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Robert Burns Lives!
Book Review of Scottish and Irish Romanticism By Murray Pittock

Edited by Frank R. Shaw, FSA Scot, Dawsonville, GA, USA

For years the name Murray Pittock has been popping up in conversations with Scots on both sides of the pond, and I had wanted to meet him for as long. I recently ran across his name again when I read The Ultimate Burns Supper Book by Clark McGinn. Pittock and McGinn go back a long way - 32 years - and Pittock wrote the foreword for Clark’s book. Finally the opportunity to meet Murray via email presented itself through Keith Dunn, a friend in the Burns Club of Atlanta, who recommended Pittock’s book Scottish and Irish Romanticism. Intrigued by the title, I introduced myself to Dr. Pittock through a couple of Scottish friends. Having secured a copy of his book, I learned it was “designed for reading by advanced scholars, postgraduate and postdoctoral researchers, senior undergraduates, and all those with an interest in Romanticism or in how Irish and Scottish studies intersect with other English literature.” Having failed to qualify in the first four categories, I convinced myself I might qualify as a part of the last group.

It did not take me long to realize that this publication was different from any I had ever read. Upon completion I was reminded that the professors I learned the most from during my undergraduate and graduate work were those who demanded the most out of me. I may not have made my best grades with them, but 45 years later I remember them and their courses more than some of those I “aced” in college and graduate school. The same goes for Scottish and Irish Romanticism.

If you like to read about literature, particularly Scottish, and its place in world literature, this is as good as it gets! You may not agree with all of the conclusions Pittock presents, but you will agree you have been challenged to learn more than probably ever before. Here one finds new material on many subjects. Among others I was impressed by what I found on Allan Ramsay, Robert Fergusson, Robert Burns, Sir Walter Scott, Thomas Moore, James Hogg, and Maria Edgeworth. Interestingly, every chapter would use more than the person’s name to describe the chapter as in “Scott and the European Nationalities Question” or in “Allan Ramsay and the Decolonization of Genre”. BUT when you come to the Bard of Scotland, the chapter on him is simply entitled “Robert Burns”. Enough said!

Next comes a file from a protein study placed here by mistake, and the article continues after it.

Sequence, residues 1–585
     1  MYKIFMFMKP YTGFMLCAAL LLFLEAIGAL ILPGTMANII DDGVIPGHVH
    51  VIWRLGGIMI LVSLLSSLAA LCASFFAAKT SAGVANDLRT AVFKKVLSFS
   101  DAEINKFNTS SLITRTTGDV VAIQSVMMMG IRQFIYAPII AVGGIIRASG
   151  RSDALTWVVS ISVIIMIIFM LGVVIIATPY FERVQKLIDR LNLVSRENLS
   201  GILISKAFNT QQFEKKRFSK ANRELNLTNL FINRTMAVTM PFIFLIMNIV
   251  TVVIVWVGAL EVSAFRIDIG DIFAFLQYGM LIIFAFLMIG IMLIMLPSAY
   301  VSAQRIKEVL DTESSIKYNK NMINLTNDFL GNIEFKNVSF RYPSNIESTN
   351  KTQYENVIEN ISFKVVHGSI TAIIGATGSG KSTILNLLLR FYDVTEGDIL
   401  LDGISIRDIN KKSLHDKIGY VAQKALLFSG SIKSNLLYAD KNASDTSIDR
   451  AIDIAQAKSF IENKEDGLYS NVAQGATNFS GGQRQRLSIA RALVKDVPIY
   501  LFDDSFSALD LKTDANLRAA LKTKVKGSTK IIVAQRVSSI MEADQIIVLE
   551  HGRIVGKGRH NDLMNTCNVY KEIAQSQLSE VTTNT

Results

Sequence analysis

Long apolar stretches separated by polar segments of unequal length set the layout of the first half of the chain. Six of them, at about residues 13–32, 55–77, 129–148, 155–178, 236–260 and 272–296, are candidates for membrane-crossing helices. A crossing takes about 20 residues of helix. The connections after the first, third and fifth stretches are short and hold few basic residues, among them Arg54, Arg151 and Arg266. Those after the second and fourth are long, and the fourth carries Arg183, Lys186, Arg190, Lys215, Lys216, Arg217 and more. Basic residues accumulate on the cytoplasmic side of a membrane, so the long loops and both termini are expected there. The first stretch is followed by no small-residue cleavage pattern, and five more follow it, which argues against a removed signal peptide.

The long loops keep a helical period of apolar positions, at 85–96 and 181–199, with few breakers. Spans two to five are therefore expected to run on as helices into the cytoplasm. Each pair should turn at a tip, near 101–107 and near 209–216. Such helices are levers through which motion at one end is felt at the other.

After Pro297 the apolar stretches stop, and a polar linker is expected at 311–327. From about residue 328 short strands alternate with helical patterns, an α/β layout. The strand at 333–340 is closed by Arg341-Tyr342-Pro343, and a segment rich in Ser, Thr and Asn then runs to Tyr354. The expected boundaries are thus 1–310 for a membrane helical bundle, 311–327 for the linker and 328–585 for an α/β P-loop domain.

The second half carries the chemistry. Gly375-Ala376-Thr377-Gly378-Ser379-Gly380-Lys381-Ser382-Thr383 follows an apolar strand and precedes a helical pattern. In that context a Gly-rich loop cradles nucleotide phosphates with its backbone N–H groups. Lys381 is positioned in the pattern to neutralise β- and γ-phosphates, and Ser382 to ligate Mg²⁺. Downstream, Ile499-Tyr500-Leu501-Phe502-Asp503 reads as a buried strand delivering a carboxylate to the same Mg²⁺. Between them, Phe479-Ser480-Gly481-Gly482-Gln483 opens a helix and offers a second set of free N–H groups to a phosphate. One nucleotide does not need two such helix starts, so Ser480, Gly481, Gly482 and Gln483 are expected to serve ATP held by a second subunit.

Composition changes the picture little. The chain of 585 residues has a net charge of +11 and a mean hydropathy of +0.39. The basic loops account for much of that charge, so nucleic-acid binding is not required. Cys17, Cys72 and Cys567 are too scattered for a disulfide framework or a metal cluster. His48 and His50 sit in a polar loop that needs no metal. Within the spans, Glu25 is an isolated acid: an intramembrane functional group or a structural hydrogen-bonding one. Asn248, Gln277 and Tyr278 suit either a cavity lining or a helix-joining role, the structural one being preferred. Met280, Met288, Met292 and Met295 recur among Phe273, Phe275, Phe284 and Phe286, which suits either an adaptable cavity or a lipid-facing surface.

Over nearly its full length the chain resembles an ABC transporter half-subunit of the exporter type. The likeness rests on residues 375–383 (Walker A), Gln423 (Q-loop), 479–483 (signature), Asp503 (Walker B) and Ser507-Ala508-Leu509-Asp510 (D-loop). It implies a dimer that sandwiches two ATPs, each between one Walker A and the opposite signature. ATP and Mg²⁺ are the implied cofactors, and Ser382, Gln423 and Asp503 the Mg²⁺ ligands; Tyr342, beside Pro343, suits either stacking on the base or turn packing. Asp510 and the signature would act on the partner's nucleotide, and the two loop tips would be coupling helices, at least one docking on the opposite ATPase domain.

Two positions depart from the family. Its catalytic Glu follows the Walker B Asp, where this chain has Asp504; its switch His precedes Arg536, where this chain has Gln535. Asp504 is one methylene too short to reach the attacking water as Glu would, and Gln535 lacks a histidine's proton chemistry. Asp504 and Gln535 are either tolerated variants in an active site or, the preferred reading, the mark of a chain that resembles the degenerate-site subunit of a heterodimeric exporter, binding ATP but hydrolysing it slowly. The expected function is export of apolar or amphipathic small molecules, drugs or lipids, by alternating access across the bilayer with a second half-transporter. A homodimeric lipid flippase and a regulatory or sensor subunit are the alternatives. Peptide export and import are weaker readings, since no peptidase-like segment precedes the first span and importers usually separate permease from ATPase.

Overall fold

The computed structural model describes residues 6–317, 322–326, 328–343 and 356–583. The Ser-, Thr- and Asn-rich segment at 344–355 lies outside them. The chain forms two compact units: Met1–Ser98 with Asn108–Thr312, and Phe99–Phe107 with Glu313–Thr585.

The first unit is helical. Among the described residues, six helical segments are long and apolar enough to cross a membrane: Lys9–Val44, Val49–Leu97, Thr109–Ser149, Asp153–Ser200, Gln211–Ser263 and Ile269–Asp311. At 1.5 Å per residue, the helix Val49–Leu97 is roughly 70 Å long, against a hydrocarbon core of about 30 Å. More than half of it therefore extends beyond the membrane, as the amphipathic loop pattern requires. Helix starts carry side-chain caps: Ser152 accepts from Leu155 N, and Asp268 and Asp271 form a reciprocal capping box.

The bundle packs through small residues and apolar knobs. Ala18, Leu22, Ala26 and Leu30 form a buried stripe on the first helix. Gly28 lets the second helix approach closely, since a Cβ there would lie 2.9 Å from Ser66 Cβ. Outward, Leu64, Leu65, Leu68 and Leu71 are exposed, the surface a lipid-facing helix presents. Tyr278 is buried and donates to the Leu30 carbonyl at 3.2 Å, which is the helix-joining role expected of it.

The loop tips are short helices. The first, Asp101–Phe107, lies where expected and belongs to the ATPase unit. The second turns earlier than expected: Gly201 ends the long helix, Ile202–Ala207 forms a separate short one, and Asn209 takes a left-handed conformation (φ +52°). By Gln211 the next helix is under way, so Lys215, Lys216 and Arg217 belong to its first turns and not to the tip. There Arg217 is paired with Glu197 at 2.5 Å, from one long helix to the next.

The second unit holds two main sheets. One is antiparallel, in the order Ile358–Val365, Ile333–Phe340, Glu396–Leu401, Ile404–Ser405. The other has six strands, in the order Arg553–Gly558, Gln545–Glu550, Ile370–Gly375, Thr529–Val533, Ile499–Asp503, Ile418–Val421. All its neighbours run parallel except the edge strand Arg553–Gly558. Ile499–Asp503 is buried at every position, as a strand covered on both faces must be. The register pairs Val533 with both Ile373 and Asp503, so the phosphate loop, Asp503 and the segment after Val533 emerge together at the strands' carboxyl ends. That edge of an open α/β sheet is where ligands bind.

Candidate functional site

You’ll learn how Burns “was expelled” from British Romanticism (American, too). Burns’ decline was evidenced by his not even being considered for a place in romanticism and Pittock points out that even “scholars often acted as if his poetry did not exist.” Case in point, I am aware of a Burns book collector with a pretty fair collection who was told by his university that there was no place for his books in their system because there was no one to teach Burns. Interpret that as the university not being interested. This suppression of Burns is similar to Johnson’s suppression of Scots as found in his Dictionary. Some of the authorities, if they considered Burns at all, had categorized him, along with Fergusson, as a “peasant poet”. Ironically, their suppression and lowly criticisms have not kept him out of the hearts of Scots all over the world - he is more popular now than ever before. In fact, in a recent email to me, Dr. Pittock said that “there’s another good year for Burns ahead…”

In conclusion, you may have to dig a little harder with this book but you will be rewarded over and over. The 49ers from the Old West used to say, “There’s gold in them thar hills” and they were amply rewarded by digging just as you will be for reading and studying this book. It is important to remember that “the outcomes of Scottish and Irish Romanticism, though different, were both conditioned by Union: in Ireland in 1801, in Scotland as part of a process which began in 1707 and ended in 1746.” But wait, there is so much more and it will be left up to you to discover what awaits you in this excellent tome. What do I think of Murray Pittock’s book? It is an interesting book. Impressively written. If you are looking for quiche and soup go elsewhere. This is a book of heavy, tasty meat! In my opinion Murray has succeeded in his quest to move Scottish and Irish literature, as well as Robert Burns, back into the academic arena of world literature and particularly the so-called British or English literature.

If I were writing a blurb for this book it would simply be “WOW! WHAT A MASTERPIECE!!”
(FRS: 9.2.10)

Murray Pittock is Bradley Professor of English Literature at the University of Glasgow, Head of the College of Arts and Vice-Principal. He has formerly held chairs and other senior appointments at Strathclyde, Edinburgh and Manchester universities. He has been BP Humanities Prize Lecturer at the Royal Society of Edinburgh, of which he is a Fellow, and Chatterton Lecturer in Poetry at the British Academy. His recent work includes Scottish and Irish Romanticism (2008), The Reception of Sir Walter Scott in Europe (2007) and James Boswell (2007). Forthcoming work includes collections on Robert Burns in Global Culture, the Reception of Robert Burns in Europe and the textual edition of the Scottish Musical Museum for the Oxford Burns. He is currently Principal Investigator of the Arts and Humanties Research Council Beyond Text project, ‘Robert Burns, 1796-1909: Inventing Tradition and Securing Memory’.

Scottish and Irish Romanticism by Murray Pittock was published by Oxford University Press in 2008 and can be purchased at all quality book stores. ISBN 978-0-19-923279-6.

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